Empiric Antibiotics for Elevated PSA of No Clinical Benefit
SAN FRANCISCO—New findings presented here at the annual Genitourinary Cancers Symposium challenge the widespread practice of placing patients on an empiric course of antibiotics for a newly elevated PSA level.
Scott E. Eggener, MD, of the University of Chicago, and colleagues studied 77 men with a newly elevated PSA level. Of these, 38 were randomized to receive ciprofloxacin 500 mg twice daily for two weeks or no antibiotic (control group). PSA was measured 21-45 days following randomization and immediately prior to prostate biopsy.
Prostate biopsy revealed prostate cancer in 36 men (47%). Detections rates did not differ significantly between patients with an increasing PSA or decreasing PSA between the two measurements, said Michael Christopher Large, MD, a urologic oncology fellow at the University of Chicago, who presented study findings. Mean PSA levels at randomization into the study were 7.6 ng/mL in the antibiotic group and 6.5 ng/mL in the control arm. The mean PSA levels at biopsy were 8.5 and 6.9 ng/mL, respectively.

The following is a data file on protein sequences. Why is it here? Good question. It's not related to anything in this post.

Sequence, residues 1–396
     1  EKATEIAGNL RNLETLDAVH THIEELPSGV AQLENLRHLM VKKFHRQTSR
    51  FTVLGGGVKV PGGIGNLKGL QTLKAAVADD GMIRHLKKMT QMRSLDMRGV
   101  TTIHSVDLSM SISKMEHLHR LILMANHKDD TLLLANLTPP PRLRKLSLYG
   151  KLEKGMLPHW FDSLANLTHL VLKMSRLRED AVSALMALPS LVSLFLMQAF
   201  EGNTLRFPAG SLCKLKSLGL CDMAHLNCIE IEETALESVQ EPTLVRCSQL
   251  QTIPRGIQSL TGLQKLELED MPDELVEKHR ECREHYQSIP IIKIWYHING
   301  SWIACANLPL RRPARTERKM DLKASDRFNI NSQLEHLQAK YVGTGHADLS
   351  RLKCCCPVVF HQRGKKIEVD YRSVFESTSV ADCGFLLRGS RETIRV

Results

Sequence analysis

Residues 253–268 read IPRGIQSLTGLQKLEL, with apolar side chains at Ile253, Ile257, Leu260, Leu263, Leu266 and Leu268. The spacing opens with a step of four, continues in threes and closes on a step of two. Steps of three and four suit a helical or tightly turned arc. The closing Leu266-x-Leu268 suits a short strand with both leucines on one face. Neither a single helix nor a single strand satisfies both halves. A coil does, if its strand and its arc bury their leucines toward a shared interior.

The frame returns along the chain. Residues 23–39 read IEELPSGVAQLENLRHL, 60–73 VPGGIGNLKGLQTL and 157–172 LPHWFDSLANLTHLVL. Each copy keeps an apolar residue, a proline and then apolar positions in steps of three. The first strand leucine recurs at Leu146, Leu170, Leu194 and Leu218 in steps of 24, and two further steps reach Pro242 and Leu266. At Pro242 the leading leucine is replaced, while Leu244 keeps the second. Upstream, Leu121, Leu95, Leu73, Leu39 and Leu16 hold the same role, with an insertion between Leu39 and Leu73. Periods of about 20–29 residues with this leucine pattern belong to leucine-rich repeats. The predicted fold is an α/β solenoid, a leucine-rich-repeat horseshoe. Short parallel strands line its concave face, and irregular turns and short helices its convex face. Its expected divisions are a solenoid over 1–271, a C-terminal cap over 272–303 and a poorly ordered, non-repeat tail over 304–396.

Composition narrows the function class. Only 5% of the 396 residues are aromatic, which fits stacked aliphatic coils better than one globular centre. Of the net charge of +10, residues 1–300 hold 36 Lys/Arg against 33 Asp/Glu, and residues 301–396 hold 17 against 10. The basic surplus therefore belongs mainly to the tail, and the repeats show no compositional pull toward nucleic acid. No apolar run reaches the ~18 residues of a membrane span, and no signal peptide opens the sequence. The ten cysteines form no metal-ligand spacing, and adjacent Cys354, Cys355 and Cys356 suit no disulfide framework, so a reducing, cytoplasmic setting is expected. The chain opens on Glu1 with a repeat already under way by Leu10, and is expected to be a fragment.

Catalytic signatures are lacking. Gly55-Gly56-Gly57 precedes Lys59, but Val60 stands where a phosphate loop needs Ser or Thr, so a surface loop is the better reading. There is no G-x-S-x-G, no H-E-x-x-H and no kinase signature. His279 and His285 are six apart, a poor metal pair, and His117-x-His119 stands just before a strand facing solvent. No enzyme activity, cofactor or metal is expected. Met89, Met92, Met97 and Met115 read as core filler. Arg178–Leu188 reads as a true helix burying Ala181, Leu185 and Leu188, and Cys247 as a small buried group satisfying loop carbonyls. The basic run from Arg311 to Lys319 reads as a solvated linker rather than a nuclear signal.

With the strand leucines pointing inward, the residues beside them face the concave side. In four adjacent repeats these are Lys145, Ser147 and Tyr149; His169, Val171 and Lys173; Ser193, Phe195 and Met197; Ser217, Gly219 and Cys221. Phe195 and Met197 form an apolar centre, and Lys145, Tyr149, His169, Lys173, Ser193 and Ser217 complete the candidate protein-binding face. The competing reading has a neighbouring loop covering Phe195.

In the antibiotic group, cancer was found after a PSA increase in seven (44%) of 16 patients after a PSA decrease in five (24%) of 21 patients. In the control arm, cancer was found after a PSA increase in 12 (60%) of 20 patients and after a PSA decrease in 11 (58%) of 19 patients.
“Prescription of empiric antibiotics in asymptomatic men with elevated PSA is not of any clinical benefit,” Dr. Large said.
The symposium is co-sponsored by the American Society of Clinical Oncology, the American Society of Radiation Oncology, and the Society of Urologic Oncology.